It is hard for us to go out into the wilderness. We have everything. We have government, friends, money, education, strength of character, self discipline, what do we need Jesus for? And yet often our spiritual lives are in poverty. I have so often preached about the need for trusting God. Over the past few months as we didn’t have a job and later when we knew we were coming here, but we didn’t have a place to live, we experienced many anxious moments. Suddenly I realized that I did not trust God as I should. It was an experience of wilderness that brought me to the place where I was helpless before I would recognize my lack of faith and I had to pray again and again, “Lord help my unbelief.” It seems that often we have to be forced into the wilderness before we will recognize our sin, weakness and poverty. But it is also possible through the discipline of fasting and prayer to realize our need and come to the place of repentance. The first step in preparing for the coming of the Lord is to realize that we need Him. We need to take time to understand the wilderness areas of our own life. We need to see where it is that we are desperate and helpless. We will not be ready for the coming of Christ until we know that we need Him. So the first thing we need to do in order to prepare for his coming is to examine our lives to see in what areas we need help.
Do we come to God empty and needing or full and feeling like we are doing Him a favor? Preparation involves an attitude of need and when we come to that need, we will be serious about preparation. I want to invite you to take some time these next two weeks to think about your wilderness and go out into the wilderness to realize and admit that you need the Lord to come into your life and then clear the way for His coming.
And so, John called them to repentance but as he did, it seems that many came not really interested in changing anything, but more interested in buying a spiritual fire insurance. We see this motive when John accuses them of being a “brood of vipers” who are fleeing the coming wrath.
When we repent, if it is real repentance, there must be a change. By definition, repentance means change. One writer says, “Real repentance involves a new relation to God that embraces all spheres of life and claims the will in a way that no external rites can replace” (TDNT)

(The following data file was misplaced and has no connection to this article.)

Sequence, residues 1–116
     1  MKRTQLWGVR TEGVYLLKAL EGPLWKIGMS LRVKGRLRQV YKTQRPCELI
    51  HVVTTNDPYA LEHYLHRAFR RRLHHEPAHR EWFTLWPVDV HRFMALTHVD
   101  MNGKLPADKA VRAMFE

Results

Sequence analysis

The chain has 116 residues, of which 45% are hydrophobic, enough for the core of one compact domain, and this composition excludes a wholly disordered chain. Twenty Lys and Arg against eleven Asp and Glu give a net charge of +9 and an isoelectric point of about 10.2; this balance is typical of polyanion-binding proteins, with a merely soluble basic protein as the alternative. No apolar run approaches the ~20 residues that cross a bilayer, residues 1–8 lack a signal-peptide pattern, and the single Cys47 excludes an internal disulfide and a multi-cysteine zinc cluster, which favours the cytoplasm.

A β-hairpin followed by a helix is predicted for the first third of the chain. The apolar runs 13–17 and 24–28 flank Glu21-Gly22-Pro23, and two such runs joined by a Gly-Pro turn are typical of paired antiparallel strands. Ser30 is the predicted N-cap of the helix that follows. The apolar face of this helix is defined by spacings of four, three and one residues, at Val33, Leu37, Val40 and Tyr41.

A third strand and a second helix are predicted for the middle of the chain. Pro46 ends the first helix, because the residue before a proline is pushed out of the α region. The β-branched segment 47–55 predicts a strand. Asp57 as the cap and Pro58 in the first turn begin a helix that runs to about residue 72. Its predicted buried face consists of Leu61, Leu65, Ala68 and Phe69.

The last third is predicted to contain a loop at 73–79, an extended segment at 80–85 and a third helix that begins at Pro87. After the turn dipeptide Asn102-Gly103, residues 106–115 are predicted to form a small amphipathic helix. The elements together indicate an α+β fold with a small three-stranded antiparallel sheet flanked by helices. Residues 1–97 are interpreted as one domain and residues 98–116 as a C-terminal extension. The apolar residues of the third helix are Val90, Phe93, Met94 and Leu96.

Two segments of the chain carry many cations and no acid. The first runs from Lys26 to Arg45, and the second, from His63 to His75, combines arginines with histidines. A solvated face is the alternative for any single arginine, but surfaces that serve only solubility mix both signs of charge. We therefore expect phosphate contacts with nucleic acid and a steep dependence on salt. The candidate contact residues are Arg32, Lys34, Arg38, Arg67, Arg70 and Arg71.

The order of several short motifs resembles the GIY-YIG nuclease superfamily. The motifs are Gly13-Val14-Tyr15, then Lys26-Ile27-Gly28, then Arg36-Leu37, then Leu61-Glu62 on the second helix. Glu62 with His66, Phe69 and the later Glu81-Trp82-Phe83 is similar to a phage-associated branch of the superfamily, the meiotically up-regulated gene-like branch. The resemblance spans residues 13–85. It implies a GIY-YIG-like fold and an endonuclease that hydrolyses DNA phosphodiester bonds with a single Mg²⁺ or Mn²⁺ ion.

It is interesting to note that John was very specific about what needed to change. The general comments he makes have to do with matters that relate to love for one’s neighbor. When our lives line up with the will of God it will be evident in the way we treat others. The actions John speaks of are not pious platitudes, but specific measurable, doable things. Recently I have noticed again that the Bible defines that walk quite simply. It is not about something mystic, but about obedience and about love.
It is also interesting that when specific individuals came, John gave them some very specific things that spoke to the temptations that were specific to their profession. And so to tax collectors he told them not to collect more than was right. Tax collection was contracted out and the tax collectors had to submit a certain amount, but could collect whatever they needed to cover their costs. Well, you can see how that was open to abuse. Similarly soldiers were called to avoid the temptations of their profession. What are the sins of our profession? What actions are involved in true repentance for us?
Preparing for the coming of the Lord has always and will always involve repentance - true repentance. What kinds of things is God talking to you about? What garbage do you need to get rid of? I invite you to take some time during the next two weeks to open your life before God and ask Him to show you where you need to repent.
What is there in your life which needs to be cleared up to make way for the coming of God into your life? Think about that as we prepare for Easter. As we prepare for communion. As we prepare to think about the coming of Christ.
John the Baptist's ministry was not an end in itself, but a means to an end. He did the work of preparation in order to point the way to Jesus. When people wondered if perhaps he was the Messiah, he quickly pointed beyond himself and said "I must decrease, but he must increase."
The purpose of the preparation we have talked about is not an end in itself, but is a way of making room for Jesus to come into our lives and to do the powerful work He does.
Jesus is not reluctant about coming into our lives, but desires to do so. If we will prepare the way for Him to come, he will, by His forgiving grace and by the power of the Holy Spirit come in and make all things new.
If we will take time before Easter to prepare our hearts, then Easter can be a wonderful celebration as we realize all that Christ has done for us. He has come to forgive our sins so that we do not need to face the wrath of God. He has come to give us His Holy Spirit, as even John the Baptist preached, so that we can live victorious lives. God has promised, “He who has begun a good work in you will complete it." He has come to give us victory over death through His resurrection.
I invite you to prepare the way for the Lord and to take some time during the next two weeks to think about your life and to prepare the way for the Lord.